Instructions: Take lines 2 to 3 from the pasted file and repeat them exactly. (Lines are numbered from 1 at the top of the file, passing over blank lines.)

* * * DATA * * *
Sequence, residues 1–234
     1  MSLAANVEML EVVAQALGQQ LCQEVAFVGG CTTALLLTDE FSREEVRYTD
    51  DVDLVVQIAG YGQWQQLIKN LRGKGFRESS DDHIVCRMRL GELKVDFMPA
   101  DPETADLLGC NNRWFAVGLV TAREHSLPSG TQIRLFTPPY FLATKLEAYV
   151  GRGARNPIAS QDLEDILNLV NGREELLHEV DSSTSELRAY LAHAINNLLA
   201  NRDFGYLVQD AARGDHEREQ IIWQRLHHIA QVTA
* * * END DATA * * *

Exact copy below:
     1  MSLAANVEML EVVAQALGQQ LCQEVAFVGG CTTALLLTDE FSREEVRYTD
    51  DVDLVVQIAG YGQWQQLIKN LRGKGFRESS DDHIVCRMRL GELKVDFMPA